• Sonic Youth – Simon Werner a Disparu. These instrumental jams are the last studio recordings Sonic Youth made before they broke up in 2011. They were my favorite band back when I was a Young Alternative Dude, and the chime of their detuned guitars can still bring a smile to my face. There’s nothing too groundbreaking here, but if you like the spacey bits of other SY albums then this will also be enjoyable.
  • Stan Getz – Captain Marvel. Chick Corea, may he rest in peace, played electric piano on this 1972 date, and his fusion-y Return To Forever band made up with the rest of the sidemen. But the resulting sound bears little resemblance to other offspring of Miles Davis’ electric period: it’s a rare example of electric jazz without rock gestures, just that gorgeous Getz tone throughout.
  • Edgard Varèse – “Density 21.5.” Originally composed in 1936, this solo flute piece has had a strange afterlife as a symbol of the potential for cross-pollination between jazz and classical music. A copy of the score with a signed dedication from the composer was found among Eric Dolphy’s papers in the Library of Congress, and Dolphy reportedly performed it at a 1962 concert. Among the many losses from Dolphy’s tragic early death in 1964 is the fact that we will never hear his take on it. The original 1950 recording of the piece is spooky, but actually does not sound too radical compared to the vocalized sounds Dolphy would develop in his own flute playing.

What I’ve been listening to lately

  • Django Reinhardt – Renown And Resistance 1937-1943. Django’s recordings with his string-band group the Quintette du Hot Club de France are legendary, and rightly so. But he played in many different contexts, and this collection brings together a mass of recordings of him with other swing-era musicians. One of the highlights is a session with Rex Stewart and Barney Bigard from the Ellington band; together they make some of the best small-group swing on record.
  • John Zorn – More News For Lulu. The original News For Lulu album was a landmark of the 1980s avant-garde, taking on traditional hard-bop tunes with a very untraditional lineup: Zorn on alto, George Lewis on trombone, Bill Frisell on guitar. This live recording is even better, the players more assured and adventurous.
  • Duke Ellington – Piano In The Background. A somewhat obscure session that delivers the opposite of what the title promises: it’s a feature for Ellington’s often-underrated piano playing. The repertoire is largely familiar territory for the band but Ellington’s solos lift the playing out of the ordinary. The 1960s were a great decade for Ellington: two years after this he would record the stunning piano-trio masterpiece Money Jungle.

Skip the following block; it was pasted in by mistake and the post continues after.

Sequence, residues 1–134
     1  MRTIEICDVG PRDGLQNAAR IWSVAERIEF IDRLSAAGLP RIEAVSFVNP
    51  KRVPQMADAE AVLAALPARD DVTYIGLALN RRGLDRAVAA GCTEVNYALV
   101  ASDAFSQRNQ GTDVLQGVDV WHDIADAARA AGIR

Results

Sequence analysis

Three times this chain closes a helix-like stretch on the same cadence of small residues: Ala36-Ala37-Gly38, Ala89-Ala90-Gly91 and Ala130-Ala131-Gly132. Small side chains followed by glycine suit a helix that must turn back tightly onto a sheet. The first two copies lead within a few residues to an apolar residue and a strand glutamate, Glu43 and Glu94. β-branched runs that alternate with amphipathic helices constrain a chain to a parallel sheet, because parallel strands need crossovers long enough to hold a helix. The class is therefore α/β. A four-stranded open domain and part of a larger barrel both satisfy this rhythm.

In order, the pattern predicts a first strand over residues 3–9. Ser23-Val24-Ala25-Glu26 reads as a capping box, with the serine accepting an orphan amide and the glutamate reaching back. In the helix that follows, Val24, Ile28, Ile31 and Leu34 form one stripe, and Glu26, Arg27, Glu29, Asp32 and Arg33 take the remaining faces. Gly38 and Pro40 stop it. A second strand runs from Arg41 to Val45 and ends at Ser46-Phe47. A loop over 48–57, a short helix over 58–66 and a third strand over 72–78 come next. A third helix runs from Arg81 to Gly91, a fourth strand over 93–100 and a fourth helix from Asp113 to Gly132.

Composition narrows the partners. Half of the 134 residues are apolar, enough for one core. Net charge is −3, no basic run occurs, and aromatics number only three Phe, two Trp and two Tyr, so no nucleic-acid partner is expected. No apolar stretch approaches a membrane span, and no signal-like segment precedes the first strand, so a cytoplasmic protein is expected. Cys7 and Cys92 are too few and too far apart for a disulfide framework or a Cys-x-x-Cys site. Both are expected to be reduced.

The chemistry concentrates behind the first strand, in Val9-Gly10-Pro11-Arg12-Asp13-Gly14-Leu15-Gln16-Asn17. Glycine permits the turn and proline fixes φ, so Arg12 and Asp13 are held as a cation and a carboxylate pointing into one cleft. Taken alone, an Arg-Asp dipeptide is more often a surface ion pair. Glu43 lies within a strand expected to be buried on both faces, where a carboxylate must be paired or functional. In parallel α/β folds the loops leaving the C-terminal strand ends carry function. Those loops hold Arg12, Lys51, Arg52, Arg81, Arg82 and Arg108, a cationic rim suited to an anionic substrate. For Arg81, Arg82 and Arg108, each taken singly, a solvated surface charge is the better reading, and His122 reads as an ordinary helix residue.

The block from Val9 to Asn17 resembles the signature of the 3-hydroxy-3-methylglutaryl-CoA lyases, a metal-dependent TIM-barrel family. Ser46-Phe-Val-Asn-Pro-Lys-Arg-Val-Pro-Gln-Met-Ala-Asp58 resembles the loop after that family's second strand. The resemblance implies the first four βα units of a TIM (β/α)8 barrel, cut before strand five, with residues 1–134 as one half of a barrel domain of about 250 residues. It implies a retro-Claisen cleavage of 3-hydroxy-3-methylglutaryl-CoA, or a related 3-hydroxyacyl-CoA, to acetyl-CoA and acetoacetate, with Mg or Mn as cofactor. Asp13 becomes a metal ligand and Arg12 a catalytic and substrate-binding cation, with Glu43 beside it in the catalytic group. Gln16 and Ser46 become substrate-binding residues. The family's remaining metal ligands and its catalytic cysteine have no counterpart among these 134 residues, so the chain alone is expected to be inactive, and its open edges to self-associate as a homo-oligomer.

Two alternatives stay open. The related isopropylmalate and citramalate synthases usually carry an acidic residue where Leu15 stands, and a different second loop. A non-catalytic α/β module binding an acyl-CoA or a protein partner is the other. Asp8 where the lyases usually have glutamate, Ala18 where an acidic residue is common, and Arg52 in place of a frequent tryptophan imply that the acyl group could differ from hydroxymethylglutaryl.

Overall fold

• Steve Lacy – Blinks. A terrific, exciting live recording from a great working band. The rhythm section of Jean-Jacques Avenel and Oliver Johnson push the horn players (Lacy and his longtime partner Steve Potts) to startling heights.
  • Archie Shepp – Blasé. Of most interest on this 1969 Paris session are the first two tracks, in which Shepp brings in two harmonica players and the adventurous vocalist Jeanne Lee to improvise alongside his rough-edged tenor. The result feels like a glimpse of a possible new musical genre, a sort of free blues.
Rex Stewart, Django Reinhardt, Duke Ellington: Paris 1939

The best music I heard in 2020

I listened to something around 350 albums for the first time in 2020; these are the ones that stand out most in my memory. Most of them were not newly issued this year, but I’ve listed them in reverse chronological order by original release date to highlight the more recent stuff:

  • Sun Ra Arkestra – Swirling (2020). A loving and lovable repertory recording that takes Sun Ra’s instrumental miniatures and expands them in new directions. What stands out is how full of joy and good cheer the Arkestra is, so unlike the po-faced seriousness of much of the jazz avant-garde.
  • Vin Gordon – African Shores (2019). A new recording by the great Jamaican trombonist, who played on many classic 70s sessions with Lee Perry and others, is an event. He’s ably assisted by the reggae-loving British saxophonist Nat Birchall, and together they deliver classic spacey rhythms.
  • Junius Paul – Ism (2019). A sprawling, glorious mess. The music spans the gamut from free bop to funk, all grounded by Paul’s monstrously rhythmic bass playing.
  • Kim Kashkashian – J.S. Bach: Six Suites For Viola Solo (2018). This adaption of Bach’s cello suites for the viola is beautifully played, and succeeded in making me hear these classic pieces differently.
  • Coleman Hawkins – The Middle Years: Essential Cuts 1939-1949 (2018). The inventor of jazz saxophone displays unceasing daring and invention on this huge trove of classic recordings. Probably Hawkins’ best period.
  • Tony Allen – The Source and Tribute to Art Blakey (2017). On these late-career albums for Blue Note, Allen’s music is more compact in length and instrumentation than the long jams he played with Fela Kuti. His drumming is masterful, subtle and propulsive at once. Allen led a band from behind the drum kit as well as anyone since Blakey; he was one of our many losses of 2020.